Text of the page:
When Paul and I are working with people who are ill, we often hear them say that they improved on the Hallelujah Diet—but just to a point. Then, they no longer found improvement. From there, we talk about their dental health, whether they are truthful in their amount of juicing and then we discuss another key component: Their emotional health. When God created our bodies he didn’t put any barriers between the brain and the heart. Those two communicate perfectly and are truly best of friends. Therefore, when the brain and heart exhibit feelings, whether they are happy or sad, guilt or grief, the entire body reacts either positively or negatively.
When you have resentment, grievance, and hostile feelings towards anyone or if you have any of the other toxic emotions like guilt, shame, depression or fear, these emotions release hormones such as adrenaline and cortisol. These hormones have effects on the cardiovascular system and on the immune system. Your immune system becomes compromised, even your platelets get jittery with the high levels of adrenaline and they start the process that leads to cardiovascular illnesses, heart attacks, stroke and cancer. On the other hand when you forgive and let go the burden of judgment, everything settles down and your body starts to return to homeostasis, which means it is self-regulated.
In study after study, results indicate that people who are forgiving tend to have not only less stress but also better relationships, fewer general health problems and lower incidences of the most serious illnesses—including depression, heart disease, stroke and cancer. It has even been linked to a longer lifespan. Why? “Because not forgiving—nursing a grudge—is so caustic,” says Fred Luskin, PhD, a health psychologist at Stanford University and author of Forgive for Good: A Proven Prescription for Health and Happiness (Harper Collins 2002). “It raises your blood pressure, depletes immune function, makes you more depressed, and possibly, impairs neurological function and memory while causing enormous physical stress to the whole body.”
A second way forgiveness works is more subtle, as shown in studies indicating that people with strong social networks—friends, neighbors and family— tend to be healthier than loners. According to psychologists, someone who is angry and remembers every slight is likely to lose relationships during the course of a lifetime, while people who are forgiving are more likely to attract and keep a strong social support system—to the benefit of their own health.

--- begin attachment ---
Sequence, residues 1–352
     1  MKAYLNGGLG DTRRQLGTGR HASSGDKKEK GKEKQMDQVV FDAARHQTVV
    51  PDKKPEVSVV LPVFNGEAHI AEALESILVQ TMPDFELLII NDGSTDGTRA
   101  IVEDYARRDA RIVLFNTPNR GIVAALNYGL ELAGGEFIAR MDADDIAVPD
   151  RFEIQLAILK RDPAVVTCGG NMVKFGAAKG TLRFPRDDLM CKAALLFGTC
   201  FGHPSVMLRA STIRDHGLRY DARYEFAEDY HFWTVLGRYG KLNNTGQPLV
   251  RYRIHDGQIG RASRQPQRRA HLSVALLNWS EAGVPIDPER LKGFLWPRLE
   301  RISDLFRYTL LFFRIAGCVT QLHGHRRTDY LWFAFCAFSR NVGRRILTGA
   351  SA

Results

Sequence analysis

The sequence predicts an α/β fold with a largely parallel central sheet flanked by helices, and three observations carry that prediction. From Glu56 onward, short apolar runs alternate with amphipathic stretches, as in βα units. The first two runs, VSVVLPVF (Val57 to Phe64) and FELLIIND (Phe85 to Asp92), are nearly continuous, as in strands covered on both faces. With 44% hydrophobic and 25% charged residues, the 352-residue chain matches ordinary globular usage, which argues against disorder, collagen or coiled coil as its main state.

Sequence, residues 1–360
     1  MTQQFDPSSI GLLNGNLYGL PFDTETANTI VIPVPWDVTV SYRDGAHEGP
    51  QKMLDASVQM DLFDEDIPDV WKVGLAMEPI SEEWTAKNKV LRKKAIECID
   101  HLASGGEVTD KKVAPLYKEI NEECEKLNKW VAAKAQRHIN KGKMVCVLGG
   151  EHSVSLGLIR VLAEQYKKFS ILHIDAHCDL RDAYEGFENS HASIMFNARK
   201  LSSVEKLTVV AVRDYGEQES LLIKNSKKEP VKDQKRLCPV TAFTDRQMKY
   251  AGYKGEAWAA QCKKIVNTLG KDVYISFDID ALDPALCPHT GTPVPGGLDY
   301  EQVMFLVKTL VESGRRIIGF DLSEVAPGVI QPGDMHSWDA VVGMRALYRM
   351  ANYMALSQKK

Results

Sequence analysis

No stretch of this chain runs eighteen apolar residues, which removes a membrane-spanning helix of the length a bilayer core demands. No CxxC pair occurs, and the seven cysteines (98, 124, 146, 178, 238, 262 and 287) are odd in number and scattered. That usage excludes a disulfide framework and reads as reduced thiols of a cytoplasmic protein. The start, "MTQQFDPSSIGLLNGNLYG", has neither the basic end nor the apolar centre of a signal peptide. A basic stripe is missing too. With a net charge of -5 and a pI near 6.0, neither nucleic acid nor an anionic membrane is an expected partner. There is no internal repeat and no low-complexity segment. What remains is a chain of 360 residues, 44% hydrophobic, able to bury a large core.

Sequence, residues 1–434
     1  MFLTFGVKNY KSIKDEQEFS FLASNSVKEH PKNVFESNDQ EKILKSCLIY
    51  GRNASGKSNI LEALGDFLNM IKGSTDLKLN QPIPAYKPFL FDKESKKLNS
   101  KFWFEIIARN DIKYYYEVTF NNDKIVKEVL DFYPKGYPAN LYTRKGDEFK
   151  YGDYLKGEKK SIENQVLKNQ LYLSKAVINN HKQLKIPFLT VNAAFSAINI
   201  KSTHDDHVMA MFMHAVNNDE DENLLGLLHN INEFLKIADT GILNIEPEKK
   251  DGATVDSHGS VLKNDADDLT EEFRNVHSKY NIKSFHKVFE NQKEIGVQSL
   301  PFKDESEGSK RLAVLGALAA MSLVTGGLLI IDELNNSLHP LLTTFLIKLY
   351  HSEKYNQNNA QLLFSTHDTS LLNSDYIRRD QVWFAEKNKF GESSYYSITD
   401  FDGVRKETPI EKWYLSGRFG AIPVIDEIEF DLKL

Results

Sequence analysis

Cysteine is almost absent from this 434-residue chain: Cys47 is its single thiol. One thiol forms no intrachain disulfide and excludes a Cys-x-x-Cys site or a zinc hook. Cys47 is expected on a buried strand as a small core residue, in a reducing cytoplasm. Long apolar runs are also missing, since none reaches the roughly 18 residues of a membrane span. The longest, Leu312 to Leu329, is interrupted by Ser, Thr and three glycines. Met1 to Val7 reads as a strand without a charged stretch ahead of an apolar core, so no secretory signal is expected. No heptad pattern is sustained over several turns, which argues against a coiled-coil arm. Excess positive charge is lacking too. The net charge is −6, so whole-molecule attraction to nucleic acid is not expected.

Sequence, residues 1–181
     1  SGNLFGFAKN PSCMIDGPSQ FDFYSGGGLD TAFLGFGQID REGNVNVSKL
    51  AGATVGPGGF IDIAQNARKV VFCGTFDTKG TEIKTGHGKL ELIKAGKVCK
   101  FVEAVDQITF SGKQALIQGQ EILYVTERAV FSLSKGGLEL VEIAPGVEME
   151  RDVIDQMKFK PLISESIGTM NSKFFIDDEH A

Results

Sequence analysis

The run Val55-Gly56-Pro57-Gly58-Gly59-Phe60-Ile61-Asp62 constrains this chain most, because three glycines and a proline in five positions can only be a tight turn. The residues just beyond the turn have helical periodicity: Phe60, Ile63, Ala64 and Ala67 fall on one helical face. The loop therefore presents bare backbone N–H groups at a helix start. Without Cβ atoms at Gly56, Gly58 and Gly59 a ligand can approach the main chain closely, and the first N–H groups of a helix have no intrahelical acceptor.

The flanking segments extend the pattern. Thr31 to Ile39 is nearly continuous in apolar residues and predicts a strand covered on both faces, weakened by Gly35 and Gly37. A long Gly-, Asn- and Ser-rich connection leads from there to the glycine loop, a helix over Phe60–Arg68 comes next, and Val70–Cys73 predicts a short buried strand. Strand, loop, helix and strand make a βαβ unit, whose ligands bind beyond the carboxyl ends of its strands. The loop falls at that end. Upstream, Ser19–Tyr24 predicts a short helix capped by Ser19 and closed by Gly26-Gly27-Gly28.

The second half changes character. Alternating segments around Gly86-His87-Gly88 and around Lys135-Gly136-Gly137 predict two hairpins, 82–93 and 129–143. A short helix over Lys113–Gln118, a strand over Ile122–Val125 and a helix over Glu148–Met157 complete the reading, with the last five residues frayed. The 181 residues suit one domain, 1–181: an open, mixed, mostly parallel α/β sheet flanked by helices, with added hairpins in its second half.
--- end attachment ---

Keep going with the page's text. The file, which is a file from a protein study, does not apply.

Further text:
The attitude of forgiveness—fully accepting that a negative circumstance has occurred and relinquishing negative feelings surrounding the event—can be learned and can lead us to experience better mental, emotional and physical health. The Stanford Forgiveness Project trained 260 adults in forgiveness in a 6-week course.
- 70% reported a decrease in their feelings of hurt
- 13% experienced reduced anger
- 27% experienced fewer physical complaints (for example, pain, gastrointestinal upset, dizziness, etc.)
With more than 1,200 published studies, forgiveness research is a relatively new and exciting field that is encouraging a fundamental shift away from treatment of disease to focusing on the positive aspects of human nature as a basis for healing.
Some people just seem so resilient during challenging times. Dr. Andrew Weil describes resilience as being like a rubber band—no matter how far a resilient person is stretched or pulled by negative emotions; he or she has the ability to bounce back to his or her original state. Resilient people are able to experience tough emotions like pain, sorrow, frustration, and grief without falling apart—in fact, some people are able to look at challenging times with optimism and hope, knowing that their hardships will lead to personal growth and an expanded outlook on life.
“Unforgiveness is like drinking poison and hoping the other person dies.”
Resilient people do not deny the pain or suffering they are experiencing; rather, they retain a sense of positivity that helps them overcome the negative effects of their situation. Positive emotions have a scientific purpose—to help the body recover from the ill effects of negative emotions. Thus cultivating positivity over time can help us become more resilient in the face of crisis or stress.